Typing speed and fluency as cues to uncertainty in the real-time production of written messages

Arielle V. Elliott, William S. Horton*

*Corresponding author for this work

Research output: Contribution to journalArticlepeer-review


In spoken communicative contexts, speakers often convey uncertainty via intonation and through paralinguistic behaviours such as speech rate and gesture—and addressees can use these behaviours to generate inferences about the speaker’s epistemic state. In text-based contexts, however, cues of this sort are more restricted. In this study, we examine the expression and reception of epistemic information in the context of real-time written message production. We hypothesised that real-time typing dynamics (like those available in text-based collaborative contexts, such as Google Docs) can function as a rich paralinguistic cue about a partner’s epistemic state. In Experiment 1, we collected production data showing that manipulations of typist certainty, instantiated through both the ease of message formulation and repeated experience with the task, are reflected in measures of typing fluency and speed. Then, in Experiment 2, we presented select screen recordings of the typing behaviours from Experiment 1 to a group of independent observers who made epistemic judgements about the typist. Our results show that observable differences in typing speed and fluency contribute to perceptions of typist knowledge and confidence, which has implications for interfaces that enable real-time text-based collaboration.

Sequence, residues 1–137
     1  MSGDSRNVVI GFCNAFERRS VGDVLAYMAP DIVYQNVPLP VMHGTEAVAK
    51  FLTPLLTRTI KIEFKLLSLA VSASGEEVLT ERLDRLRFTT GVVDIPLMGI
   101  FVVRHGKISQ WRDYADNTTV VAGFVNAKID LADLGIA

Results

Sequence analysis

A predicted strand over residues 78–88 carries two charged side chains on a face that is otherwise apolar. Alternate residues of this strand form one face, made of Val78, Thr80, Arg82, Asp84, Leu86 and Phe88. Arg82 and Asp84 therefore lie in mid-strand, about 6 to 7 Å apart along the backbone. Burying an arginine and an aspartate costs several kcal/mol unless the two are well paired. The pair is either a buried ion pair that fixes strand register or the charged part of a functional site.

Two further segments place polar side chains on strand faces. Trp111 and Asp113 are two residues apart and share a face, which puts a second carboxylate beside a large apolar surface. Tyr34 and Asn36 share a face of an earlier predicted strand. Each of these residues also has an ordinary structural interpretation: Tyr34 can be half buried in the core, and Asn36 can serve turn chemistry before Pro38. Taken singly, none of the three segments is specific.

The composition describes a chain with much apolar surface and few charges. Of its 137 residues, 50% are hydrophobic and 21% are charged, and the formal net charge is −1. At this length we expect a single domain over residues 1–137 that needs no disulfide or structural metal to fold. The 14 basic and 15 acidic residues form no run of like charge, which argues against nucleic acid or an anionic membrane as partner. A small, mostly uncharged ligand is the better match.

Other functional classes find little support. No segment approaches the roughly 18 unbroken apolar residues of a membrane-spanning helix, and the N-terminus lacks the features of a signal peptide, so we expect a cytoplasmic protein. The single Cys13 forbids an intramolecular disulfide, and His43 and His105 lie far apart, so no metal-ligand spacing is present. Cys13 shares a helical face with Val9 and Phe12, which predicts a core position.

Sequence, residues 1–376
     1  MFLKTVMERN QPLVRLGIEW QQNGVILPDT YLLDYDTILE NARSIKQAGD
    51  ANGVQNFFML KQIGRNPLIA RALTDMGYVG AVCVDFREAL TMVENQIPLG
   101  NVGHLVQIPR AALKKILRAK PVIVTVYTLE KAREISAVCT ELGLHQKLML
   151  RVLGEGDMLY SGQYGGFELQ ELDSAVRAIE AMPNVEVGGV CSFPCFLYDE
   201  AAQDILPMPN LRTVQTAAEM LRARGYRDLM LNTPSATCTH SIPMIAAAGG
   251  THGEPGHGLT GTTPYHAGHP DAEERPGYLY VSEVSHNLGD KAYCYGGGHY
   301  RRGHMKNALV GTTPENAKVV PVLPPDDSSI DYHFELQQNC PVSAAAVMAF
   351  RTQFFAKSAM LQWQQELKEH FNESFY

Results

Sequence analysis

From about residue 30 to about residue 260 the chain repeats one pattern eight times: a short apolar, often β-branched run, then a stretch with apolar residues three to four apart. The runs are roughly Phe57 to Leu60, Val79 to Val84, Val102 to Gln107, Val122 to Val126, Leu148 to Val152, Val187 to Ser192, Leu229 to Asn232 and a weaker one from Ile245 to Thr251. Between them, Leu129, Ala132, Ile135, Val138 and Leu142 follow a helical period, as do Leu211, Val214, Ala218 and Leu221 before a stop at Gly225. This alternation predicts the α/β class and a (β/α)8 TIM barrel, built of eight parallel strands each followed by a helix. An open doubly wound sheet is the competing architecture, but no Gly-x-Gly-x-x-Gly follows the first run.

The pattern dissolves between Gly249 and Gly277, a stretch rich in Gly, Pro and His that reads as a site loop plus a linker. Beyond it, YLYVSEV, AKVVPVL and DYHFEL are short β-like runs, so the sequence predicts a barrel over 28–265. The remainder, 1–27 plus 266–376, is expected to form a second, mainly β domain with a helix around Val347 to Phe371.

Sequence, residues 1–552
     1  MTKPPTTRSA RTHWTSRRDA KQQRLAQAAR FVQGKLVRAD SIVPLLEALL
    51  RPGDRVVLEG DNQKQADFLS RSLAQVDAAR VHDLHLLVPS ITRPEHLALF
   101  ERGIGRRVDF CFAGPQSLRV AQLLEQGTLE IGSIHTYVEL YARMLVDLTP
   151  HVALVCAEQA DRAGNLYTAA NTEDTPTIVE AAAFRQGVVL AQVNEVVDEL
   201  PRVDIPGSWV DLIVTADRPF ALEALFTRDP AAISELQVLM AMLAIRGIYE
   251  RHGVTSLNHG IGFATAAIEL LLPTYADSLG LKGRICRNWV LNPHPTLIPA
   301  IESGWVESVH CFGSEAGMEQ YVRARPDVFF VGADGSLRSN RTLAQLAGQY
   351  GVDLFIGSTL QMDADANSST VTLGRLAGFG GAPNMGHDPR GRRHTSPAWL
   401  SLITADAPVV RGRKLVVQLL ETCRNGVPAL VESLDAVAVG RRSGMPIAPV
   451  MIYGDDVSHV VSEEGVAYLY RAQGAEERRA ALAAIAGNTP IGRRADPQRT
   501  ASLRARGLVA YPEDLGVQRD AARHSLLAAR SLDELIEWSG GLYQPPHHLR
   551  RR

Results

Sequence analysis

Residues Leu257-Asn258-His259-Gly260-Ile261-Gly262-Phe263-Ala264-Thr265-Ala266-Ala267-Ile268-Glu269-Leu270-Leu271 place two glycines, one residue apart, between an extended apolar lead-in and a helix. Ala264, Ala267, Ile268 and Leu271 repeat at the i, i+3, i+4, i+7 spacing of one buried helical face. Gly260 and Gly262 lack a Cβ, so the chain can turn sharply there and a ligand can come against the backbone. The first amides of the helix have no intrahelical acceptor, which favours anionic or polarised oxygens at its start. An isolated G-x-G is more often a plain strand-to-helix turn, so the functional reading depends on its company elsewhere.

Original languageEnglish (US)
JournalQuarterly Journal of Experimental Psychology
StateAccepted/In press - 2023


  • collaborative writing
  • epistemic inference
  • real-time communication
  • typing behaviour
  • written message production

ASJC Scopus subject areas

  • Experimental and Cognitive Psychology
  • Neuropsychology and Physiological Psychology
  • Physiology (medical)
  • Physiology
  • General Psychology


Dive into the research topics of 'Typing speed and fluency as cues to uncertainty in the real-time production of written messages'. Together they form a unique fingerprint.

Cite this